Tuesday, October 30, 2012

100% Whole Wheat Bread

Baking bread can be very intimidating if it is something you did not grow up doing and I am one of those people.  I have always been someone who could care less about bread, it just never excited me (unless it was kaiser rolls with tons of butter on them).  This was probably because I grew up in the world of white bread.  Now there is nothing wrong with white bread (or at least before they started adding all sorts of not healthy for you stuff to it) but its just boring!

I started working on baking bread a few years ago and the toughest part was the kneading and not having bread dough stuck to everything (especially the little hairs on my arms).  Some of my endeavors have been kind of successful, others have been major fails but that is a part of baking.

I had printed this recipe up earlier this year and put it in our binder o recipes.  Looking for something to keep myself occupied yesterday I stumbled across it and the next thing you know it was well on its way.  I sincerely feel the flour you use makes a serious difference when you bake and for this recipe I used King Arthur brand whole wheat flour.  If you are thinking of baking bread give this one a try!

Classic 100% Whole Wheat Bread from King Arthur Flour

  • 1 to 1 1/4 cups lukewarm water*
  • 1/4 cup vegetable oil
  • 1/4 cup honey, molasses, or maple syrup
  • 3 1/2 cups King Arthur Premium 100% Whole Wheat Flour
  • 2 1/2 teaspoons instant yeast, or 1 packet active dry yeast dissolved in 2 tablespoons of the water in the recipe
  • 1/4 cup Baker's Special Dry Milk or nonfat dried milk
  • 1 1/4 teaspoons salt
  • *Use the greater amount in winter or in a dry climate; the lesser amount in summer or a humid climate.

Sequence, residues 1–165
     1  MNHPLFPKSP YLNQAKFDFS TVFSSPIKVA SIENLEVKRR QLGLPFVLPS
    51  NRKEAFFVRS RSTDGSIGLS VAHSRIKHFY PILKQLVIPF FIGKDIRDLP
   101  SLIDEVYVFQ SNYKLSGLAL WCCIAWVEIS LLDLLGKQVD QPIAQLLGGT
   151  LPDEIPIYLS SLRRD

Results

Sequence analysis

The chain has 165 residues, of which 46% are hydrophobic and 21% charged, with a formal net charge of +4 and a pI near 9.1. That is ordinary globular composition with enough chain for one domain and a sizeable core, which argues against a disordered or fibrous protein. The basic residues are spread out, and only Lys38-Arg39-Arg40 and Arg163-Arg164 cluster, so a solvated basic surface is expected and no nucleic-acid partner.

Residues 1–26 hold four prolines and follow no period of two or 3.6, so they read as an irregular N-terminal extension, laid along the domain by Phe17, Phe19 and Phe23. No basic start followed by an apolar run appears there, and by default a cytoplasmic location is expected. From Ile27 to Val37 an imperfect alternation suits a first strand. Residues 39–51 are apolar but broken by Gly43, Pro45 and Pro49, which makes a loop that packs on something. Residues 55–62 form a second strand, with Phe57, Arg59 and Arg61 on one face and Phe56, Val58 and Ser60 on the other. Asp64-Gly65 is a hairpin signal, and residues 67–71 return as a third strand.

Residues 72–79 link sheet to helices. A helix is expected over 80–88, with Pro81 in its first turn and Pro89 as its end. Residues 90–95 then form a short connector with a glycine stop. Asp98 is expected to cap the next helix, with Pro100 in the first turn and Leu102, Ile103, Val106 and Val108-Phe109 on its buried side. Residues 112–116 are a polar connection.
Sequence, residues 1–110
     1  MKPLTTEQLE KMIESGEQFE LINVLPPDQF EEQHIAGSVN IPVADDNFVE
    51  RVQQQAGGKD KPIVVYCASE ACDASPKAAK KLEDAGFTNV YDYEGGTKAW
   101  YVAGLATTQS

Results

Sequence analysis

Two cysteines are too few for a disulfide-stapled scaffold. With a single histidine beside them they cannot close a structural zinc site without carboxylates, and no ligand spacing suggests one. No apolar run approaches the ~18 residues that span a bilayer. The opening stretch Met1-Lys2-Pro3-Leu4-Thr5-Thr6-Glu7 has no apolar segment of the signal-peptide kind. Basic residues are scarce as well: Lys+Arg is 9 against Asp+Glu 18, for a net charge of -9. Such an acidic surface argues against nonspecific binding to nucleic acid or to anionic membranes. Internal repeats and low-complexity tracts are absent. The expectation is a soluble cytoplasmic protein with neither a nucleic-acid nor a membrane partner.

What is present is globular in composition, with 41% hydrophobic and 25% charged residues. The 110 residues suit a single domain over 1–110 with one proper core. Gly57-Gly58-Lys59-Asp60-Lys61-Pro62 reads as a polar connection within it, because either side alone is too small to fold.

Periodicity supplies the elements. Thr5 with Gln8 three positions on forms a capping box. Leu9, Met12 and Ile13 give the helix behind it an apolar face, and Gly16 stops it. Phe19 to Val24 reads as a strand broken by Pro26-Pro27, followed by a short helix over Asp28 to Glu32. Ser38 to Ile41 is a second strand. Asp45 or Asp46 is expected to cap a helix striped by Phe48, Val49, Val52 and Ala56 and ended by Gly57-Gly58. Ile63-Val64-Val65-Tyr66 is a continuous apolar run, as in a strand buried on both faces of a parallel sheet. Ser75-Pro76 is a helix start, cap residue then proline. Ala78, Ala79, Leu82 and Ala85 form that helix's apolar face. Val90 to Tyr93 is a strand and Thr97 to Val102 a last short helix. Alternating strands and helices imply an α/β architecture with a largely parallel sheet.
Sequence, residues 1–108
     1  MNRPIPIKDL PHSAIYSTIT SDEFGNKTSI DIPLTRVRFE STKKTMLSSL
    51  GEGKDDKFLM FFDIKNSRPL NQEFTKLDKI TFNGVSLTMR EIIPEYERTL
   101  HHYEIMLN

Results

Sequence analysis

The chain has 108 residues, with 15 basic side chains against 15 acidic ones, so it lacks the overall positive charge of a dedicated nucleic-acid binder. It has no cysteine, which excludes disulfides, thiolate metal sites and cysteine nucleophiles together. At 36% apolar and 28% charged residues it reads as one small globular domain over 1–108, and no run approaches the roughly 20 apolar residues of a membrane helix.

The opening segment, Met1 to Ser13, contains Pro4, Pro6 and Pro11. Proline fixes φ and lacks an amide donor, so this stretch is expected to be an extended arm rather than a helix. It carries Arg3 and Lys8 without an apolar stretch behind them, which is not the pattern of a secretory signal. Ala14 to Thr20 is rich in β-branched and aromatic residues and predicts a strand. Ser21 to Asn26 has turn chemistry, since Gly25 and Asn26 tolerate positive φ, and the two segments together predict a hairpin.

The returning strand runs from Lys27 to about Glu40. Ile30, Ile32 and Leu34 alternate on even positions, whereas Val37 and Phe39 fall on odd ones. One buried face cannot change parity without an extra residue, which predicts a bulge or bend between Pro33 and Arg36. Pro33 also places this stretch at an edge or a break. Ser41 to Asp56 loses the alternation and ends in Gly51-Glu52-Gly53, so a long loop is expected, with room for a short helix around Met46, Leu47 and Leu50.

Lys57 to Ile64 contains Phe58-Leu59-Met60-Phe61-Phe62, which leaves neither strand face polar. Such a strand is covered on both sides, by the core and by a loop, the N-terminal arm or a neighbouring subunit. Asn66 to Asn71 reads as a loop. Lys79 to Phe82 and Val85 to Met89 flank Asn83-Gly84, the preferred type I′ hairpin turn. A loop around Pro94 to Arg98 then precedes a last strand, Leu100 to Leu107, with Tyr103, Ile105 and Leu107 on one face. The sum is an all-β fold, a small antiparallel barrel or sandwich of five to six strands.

1) In a large bowl, combine all of the ingredients and stir till the dough starts to leave the sides of the bowl. Transfer the dough to a lightly greased surface, oil your hands, and knead it for 6 to 8 minutes, or until it begins to become smooth and supple. (You may also knead this dough in an electric mixer or food processor, or in a bread machine programmed for "dough" or "manual.") Note: This dough should be soft, yet still firm enough to knead. Adjust its consistency with additional water or flour, if necessary.
2) Transfer the dough to a lightly greased bowl or large measuring cup, cover it, and allow the dough to rise till puffy though not necessarily doubled in bulk, about 1 to 2 hours, depending on the warmth of your kitchen.
3) Transfer the dough to a lightly oiled work surface, and shape it into an 8" log. Place the log in a lightly greased 8 1/2" x 4 1/2" loaf pan, cover the pan loosely with lightly greased plastic wrap, and allow the bread to rise for about 1 to 2 hours, or till the center has crowned about 1" above the rim of the pan. Towards the end of the rising time, preheat the oven to 350°F.
4) Bake the bread for 35 to 40 minutes, tenting it lightly with aluminum foil after 20 minutes to prevent over-browning. The finished loaf will register 190°F on an instant-read thermometer inserted into the center.
5) Remove the bread from the oven, and turn it out of the pan onto a rack to cool. If desired, rub the crust with a stick of butter; this will yield a soft, flavorful crust. Cool completely before slicing. Store the bread in a plastic bag at room temperature.
Yield: 1 loaf.

I did not have any dry or dried milk and the recipe still turned out great.  I store my flour in the refrigerator so that cuts down on the amount of flour used in my bread (this is kind of an experimentation thing).  Michael said that this is the tastiest bread I have made yet!

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